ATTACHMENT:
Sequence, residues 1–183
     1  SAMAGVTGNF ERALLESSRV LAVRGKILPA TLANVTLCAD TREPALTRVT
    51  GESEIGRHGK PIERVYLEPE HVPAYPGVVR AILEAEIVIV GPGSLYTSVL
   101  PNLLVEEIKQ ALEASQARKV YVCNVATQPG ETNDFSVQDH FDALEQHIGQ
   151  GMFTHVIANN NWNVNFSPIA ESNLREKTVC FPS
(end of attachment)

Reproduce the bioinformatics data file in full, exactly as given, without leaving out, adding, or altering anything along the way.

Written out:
Sequence, residues 1–183
     1  SAMAGVTGNF ERALLESSRV LAVRGKILPA TLANVTLCAD TREPALTRVT
    51  GESEIGRHGK PIERVYLEPE HVPAYPGVVR AILEAEIVIV GPGSLYTSVL
   101  PNLLVEEIKQ ALEASQARKV YVCNVATQPG ETNDFSVQDH FDALEQHIGQ
   151  GMFTHVIANN NWNVNFSPIA ESNLREKTVC FPS